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    Quote Originally Posted by ChasSidwa View Post
    SPX called me back and told me I'm approved for a free Coulomb charger. I pay for the install.
    Can you choose the installer or do you have to go with sPX?

    If you can get it installed this year you can write off half of the installation cost.

  7. #6
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    Quote Originally Posted by Marty View Post
    If you can get it installed this year you can write off half of the installation cost.
    It's my understanding that if you owe a single penny of AMT, the half off installation cost (up to $2000) does not apply. But I'm not a tax consultant...

  8. #7
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    I already installed the wiring and breakers for my charger myself. Its a complete joke that it may cost 2000 bucks to have a electrician do if for you, do it yourself. It took me about 6 hrs. I actually installed about 110 feet of 6 gauge wire. I only did this because at some point there may be a rapid home charger that charges in less than an hour. I don't want to have to go thru the headache of rewiring again. Although depending on your wire distance a larger gauge wire may be required anyway. Review wire codes online. Anyway, even if you are afraid of putting your hand in a service panel. Do everything else. For me, it was drilling a bunch of holes in my joists from my panel to my garage, bringing it into the panel and hooking up a 40 AMP double pole breaker. Now for the DIY'ers be sure to have it in conduit when necessary (IE surface mounting wire). Good luck.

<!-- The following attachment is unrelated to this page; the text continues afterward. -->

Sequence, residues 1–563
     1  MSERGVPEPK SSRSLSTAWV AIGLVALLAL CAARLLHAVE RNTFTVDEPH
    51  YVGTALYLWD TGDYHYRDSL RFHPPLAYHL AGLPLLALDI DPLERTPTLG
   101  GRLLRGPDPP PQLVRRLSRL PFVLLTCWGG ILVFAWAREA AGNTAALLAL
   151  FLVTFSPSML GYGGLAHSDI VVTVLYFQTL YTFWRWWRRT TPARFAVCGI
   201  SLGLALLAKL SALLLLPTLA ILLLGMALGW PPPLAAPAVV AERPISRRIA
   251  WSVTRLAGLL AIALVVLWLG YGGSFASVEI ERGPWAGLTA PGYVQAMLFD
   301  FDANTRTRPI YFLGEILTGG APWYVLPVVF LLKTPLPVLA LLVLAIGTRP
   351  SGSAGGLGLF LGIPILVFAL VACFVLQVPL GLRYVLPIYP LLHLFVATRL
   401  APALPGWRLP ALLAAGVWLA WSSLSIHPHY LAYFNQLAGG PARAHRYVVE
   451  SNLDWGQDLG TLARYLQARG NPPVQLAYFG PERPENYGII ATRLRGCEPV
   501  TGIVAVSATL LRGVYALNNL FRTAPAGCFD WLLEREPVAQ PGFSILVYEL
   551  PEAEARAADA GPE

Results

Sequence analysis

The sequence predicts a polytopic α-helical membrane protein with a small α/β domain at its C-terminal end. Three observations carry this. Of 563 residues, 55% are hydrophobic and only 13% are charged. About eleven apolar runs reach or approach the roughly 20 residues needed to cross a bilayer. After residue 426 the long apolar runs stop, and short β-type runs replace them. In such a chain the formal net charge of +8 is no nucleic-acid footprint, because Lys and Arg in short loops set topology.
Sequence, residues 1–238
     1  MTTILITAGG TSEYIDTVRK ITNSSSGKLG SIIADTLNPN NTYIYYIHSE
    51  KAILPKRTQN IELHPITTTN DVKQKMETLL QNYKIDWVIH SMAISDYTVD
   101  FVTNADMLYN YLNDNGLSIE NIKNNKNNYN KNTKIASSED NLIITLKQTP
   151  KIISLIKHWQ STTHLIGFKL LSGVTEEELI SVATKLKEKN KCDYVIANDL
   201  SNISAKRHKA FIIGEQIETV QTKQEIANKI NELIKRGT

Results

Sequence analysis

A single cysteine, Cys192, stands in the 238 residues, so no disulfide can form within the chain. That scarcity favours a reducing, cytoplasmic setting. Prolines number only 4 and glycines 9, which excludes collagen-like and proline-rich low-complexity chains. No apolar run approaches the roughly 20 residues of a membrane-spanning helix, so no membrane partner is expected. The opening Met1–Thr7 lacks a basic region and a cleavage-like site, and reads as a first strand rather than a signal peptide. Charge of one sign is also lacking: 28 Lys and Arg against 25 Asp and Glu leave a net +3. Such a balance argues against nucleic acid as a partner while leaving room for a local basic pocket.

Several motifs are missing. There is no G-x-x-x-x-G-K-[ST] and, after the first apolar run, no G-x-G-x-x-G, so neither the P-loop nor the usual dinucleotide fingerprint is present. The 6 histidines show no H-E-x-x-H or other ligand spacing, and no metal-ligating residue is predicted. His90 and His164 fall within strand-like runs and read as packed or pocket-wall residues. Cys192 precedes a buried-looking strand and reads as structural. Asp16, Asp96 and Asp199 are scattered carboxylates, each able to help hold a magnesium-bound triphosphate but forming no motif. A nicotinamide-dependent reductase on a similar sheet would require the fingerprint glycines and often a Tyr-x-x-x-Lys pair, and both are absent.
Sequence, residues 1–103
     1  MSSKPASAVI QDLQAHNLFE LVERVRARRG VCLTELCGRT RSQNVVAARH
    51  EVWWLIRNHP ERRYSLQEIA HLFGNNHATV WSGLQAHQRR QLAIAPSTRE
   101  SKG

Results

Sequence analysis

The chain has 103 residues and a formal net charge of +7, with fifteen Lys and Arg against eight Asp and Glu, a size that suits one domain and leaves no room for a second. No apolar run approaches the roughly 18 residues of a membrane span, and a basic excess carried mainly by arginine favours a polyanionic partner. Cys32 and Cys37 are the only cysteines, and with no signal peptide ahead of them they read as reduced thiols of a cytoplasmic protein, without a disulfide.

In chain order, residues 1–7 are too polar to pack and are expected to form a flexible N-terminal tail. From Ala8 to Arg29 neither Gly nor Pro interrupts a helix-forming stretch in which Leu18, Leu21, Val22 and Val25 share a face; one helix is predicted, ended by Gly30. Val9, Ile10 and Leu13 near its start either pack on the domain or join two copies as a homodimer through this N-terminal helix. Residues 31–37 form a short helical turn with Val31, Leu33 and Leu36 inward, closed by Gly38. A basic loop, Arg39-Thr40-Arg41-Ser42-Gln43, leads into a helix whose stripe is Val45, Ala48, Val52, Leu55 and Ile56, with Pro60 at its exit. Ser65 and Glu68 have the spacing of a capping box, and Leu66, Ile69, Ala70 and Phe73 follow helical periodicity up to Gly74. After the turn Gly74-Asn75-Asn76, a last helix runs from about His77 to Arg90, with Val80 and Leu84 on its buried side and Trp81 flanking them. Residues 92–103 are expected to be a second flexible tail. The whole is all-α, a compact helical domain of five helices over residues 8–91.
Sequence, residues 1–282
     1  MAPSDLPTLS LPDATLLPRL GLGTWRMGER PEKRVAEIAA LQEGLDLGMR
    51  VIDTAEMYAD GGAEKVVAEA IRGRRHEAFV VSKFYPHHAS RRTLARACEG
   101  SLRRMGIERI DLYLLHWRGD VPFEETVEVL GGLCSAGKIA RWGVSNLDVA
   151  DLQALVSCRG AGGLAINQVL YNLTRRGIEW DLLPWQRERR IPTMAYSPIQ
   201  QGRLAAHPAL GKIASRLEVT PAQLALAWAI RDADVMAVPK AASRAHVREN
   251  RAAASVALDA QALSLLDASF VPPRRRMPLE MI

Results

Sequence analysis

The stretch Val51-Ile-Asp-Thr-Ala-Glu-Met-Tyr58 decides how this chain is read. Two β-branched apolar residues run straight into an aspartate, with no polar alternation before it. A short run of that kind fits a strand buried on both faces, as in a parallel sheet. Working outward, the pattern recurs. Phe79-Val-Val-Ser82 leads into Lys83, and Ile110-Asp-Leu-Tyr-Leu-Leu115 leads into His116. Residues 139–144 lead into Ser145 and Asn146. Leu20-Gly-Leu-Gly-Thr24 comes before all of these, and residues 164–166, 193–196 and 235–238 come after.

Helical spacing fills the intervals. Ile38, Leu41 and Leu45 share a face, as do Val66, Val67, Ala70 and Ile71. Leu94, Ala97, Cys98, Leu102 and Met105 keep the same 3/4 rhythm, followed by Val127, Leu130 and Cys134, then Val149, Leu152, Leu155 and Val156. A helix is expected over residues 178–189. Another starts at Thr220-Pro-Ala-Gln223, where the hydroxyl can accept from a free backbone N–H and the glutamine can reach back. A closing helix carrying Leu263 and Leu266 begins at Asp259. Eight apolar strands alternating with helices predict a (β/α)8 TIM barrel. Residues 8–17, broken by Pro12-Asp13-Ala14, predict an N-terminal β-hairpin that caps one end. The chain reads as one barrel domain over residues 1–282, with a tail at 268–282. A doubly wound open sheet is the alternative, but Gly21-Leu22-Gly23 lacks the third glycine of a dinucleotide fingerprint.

9. #8
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    Quote Originally Posted by the43k View Post
    I already installed the wiring and breakers for my charger myself. Its a complete joke that it may cost 2000 bucks to have a electrician do if for you, do it yourself.
    The $2000 may be a joke, depending, but if you don't know what you're doing then it does make sense to pay someone.

    I know enough to do it myself, but I just had a garage built and had the electrician run cable (I think I have 8-gauge, not 6) to a sub-panel in the garage. If installation of the charger costs $1500 from there, that's highway robbery. I signed the contract saying I would pay an SPX-approved installer, but if that's the case I will do my best to back out.

  10. #9
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    Quote Originally Posted by ChasSidwa View Post
    SPX called me back and told me I'm approved for a free Coulomb charger. I pay for the install.
    Hey Chas,

    So I assume you're within one of the metropolitan areas?
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  12. #10
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    Quote Originally Posted by the43k View Post
    I already installed the wiring and breakers for my charger myself. Its a complete joke that it may cost 2000 bucks to have a electrician do if for you, do it yourself. It took me about 6 hrs. I actually installed about 110 feet of 6 gauge wire. I only did this because at some point there may be a rapid home charger that charges in less than an hour. I don't want to have to go thru the headache of rewiring again. Although depending on your wire distance a larger gauge wire may be required anyway. Review wire codes online. Anyway, even if you are afraid of putting your hand in a service panel. Do everything else. For me, it was drilling a bunch of holes in my joists from my panel to my garage, bringing it into the panel and hooking up a 40 AMP double pole breaker. Now for the DIY'ers be sure to have it in conduit when necessary (IE surface mounting wire). Good luck.
    I did the same thing (6 gauge wire). Then read that they require a 20 amp breaker to protect the charger. So now I have both a 20 amp and a 40 amp breaker in the box. Will connect to the 20 amp breaker for the Voltec and have the 40 amp breaker available for later.

    Jim K.